China was obviously discussed in the closed-door meeting, but the reason why no country other than US spoke openly against China in the opening statements is not difficult to fathom. The US is the lynchpin of the Quad grouping but the US election looms large on 3 November. President Trump has blown hot and cold against China; for the past year the trade war with China and the blame of the Coronavirus has squarely been put on China by President Trump and the US administration. In case President Trump is a winner, there is a lingering apprehension that he may cut a deal with the Chinese although as time has gone by that has looked increasingly difficult. Biden has had a record of being soft on China – again everything points to a bipartisan consensus in the US that none of the parties would change the China policy. Yet, other countries of the Quad are still wary and are obviously watching because a Biden administration could well focus on domestic policies. So, the upshot of these public dissonances perhaps led to an air of tentativeness about the Quad meeting on 6 October.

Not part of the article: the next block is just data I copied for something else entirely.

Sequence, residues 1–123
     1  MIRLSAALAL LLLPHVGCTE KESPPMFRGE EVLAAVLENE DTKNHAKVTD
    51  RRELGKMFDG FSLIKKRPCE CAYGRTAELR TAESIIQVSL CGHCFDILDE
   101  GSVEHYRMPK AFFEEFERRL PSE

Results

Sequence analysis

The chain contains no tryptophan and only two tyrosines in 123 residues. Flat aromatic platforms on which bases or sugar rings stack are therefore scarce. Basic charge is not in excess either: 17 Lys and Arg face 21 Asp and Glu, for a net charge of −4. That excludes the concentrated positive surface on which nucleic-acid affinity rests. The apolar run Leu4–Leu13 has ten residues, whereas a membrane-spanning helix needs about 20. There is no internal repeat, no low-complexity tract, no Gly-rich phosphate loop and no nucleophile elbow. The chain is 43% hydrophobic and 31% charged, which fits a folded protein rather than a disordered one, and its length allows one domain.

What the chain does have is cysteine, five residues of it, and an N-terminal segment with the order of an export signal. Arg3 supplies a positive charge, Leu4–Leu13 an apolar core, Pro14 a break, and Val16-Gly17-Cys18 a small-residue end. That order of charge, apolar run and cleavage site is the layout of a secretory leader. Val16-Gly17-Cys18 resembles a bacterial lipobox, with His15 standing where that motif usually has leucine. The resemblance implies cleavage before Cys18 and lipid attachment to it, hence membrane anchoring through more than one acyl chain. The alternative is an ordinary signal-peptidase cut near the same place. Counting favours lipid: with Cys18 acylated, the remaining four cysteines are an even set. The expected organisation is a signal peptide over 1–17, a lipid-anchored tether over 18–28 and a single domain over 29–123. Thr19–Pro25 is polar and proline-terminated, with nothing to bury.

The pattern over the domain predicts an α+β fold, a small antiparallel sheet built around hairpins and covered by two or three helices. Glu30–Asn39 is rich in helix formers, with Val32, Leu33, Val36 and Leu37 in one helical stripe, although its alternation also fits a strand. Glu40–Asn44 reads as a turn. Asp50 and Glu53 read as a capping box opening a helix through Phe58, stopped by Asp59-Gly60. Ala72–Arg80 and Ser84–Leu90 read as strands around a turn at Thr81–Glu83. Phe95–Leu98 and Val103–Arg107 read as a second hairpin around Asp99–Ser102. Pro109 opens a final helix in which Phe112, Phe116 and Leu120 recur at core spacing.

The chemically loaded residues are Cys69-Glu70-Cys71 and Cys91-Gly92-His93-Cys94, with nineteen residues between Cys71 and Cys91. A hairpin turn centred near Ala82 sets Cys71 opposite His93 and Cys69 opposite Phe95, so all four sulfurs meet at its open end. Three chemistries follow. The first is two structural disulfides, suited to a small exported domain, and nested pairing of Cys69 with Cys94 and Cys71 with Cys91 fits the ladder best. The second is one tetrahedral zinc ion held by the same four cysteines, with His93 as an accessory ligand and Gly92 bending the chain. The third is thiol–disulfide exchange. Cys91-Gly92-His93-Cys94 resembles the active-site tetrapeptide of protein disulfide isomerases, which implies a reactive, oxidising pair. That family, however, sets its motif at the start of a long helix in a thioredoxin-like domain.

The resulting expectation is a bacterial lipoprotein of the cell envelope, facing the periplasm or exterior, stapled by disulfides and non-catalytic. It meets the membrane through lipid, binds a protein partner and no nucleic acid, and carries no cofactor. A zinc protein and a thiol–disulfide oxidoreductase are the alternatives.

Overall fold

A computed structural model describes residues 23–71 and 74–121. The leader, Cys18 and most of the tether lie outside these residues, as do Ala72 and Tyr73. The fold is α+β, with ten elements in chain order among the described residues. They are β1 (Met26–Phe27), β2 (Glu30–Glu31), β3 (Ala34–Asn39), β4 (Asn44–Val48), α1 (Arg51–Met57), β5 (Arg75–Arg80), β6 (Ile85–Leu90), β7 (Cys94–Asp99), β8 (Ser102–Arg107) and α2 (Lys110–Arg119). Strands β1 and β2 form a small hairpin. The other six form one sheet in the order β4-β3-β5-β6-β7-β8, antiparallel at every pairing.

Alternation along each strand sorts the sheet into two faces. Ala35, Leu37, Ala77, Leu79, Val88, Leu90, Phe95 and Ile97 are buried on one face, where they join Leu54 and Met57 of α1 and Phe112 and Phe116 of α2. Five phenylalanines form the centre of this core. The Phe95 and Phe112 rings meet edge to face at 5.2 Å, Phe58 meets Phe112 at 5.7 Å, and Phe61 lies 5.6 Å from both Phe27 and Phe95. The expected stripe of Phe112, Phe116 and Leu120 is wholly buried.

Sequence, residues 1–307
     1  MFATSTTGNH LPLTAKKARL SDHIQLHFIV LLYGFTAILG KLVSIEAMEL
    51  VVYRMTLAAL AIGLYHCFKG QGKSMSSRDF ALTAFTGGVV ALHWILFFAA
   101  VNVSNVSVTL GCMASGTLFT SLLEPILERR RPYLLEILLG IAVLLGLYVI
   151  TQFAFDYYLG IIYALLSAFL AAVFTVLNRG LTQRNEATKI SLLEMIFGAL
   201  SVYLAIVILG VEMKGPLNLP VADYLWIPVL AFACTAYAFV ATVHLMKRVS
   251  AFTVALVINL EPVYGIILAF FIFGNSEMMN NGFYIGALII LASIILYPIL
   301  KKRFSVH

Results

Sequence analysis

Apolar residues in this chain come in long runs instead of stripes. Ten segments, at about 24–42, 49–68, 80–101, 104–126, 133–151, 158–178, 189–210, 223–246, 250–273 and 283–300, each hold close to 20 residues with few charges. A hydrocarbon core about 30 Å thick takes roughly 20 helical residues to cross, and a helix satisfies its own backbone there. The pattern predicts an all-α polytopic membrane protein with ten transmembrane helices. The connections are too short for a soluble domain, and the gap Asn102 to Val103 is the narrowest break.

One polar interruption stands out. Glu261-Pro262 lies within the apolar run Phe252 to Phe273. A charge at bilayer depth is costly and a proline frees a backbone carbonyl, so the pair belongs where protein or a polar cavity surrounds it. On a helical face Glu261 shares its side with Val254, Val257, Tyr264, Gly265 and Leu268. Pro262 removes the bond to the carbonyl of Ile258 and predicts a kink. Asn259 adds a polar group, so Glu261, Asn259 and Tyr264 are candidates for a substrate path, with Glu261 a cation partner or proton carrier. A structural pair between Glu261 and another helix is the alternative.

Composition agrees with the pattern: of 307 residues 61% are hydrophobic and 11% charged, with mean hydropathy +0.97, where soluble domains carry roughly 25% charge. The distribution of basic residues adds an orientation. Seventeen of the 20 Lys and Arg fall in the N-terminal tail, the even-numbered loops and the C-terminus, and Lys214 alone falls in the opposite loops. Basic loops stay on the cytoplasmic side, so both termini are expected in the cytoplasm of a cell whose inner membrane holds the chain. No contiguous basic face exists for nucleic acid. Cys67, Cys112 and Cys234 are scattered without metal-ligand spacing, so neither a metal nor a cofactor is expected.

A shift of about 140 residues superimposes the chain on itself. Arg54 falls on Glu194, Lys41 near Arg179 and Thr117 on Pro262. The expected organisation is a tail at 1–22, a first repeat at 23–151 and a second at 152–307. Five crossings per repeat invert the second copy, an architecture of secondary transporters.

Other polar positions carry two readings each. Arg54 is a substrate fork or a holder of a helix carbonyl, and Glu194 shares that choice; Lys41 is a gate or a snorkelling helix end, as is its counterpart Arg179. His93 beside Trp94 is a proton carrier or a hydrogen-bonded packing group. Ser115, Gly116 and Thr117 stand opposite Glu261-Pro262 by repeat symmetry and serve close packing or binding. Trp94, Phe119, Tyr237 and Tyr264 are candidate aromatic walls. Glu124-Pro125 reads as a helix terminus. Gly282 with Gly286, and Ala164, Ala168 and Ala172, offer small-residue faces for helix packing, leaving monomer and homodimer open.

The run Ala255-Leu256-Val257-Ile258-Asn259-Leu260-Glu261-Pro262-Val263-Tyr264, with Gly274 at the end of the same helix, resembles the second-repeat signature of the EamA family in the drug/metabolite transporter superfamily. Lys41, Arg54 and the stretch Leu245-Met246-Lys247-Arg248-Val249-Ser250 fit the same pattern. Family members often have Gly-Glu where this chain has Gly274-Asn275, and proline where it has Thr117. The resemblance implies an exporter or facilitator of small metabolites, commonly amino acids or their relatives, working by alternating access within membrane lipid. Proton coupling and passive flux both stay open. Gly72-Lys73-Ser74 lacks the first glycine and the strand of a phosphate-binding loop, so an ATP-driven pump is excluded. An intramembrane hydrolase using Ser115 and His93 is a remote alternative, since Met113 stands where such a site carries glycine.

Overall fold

It is the events following this meeting which have provided further clarity on where the Quad members stand individually on the future of the grouping. One of these is that there it was a desire on the part of US to institutionalize the Quad and perhaps expand it to include countries like Republic of Korea, New Zealand etc. and the others have found that to be difficult right now for their own reasons. The consensus seems to be to consolidate amongst the four and to work with others on specific issues in an expanded format. In this context, we must note the statement of Deputy Secretary of State Beigun a few days ago, where he stated that US was not looking for expansion of the Quad. He also stated that US respected India’s strategic autonomy while engaging in strategic military cooperation. Even as a future adjustment of the Biden administration with China has an outside chance, Japan could be persuaded to engage with China and the big businesses and universities could put pressure on the Australian government to also adjust if US policy towards China undergoes a change.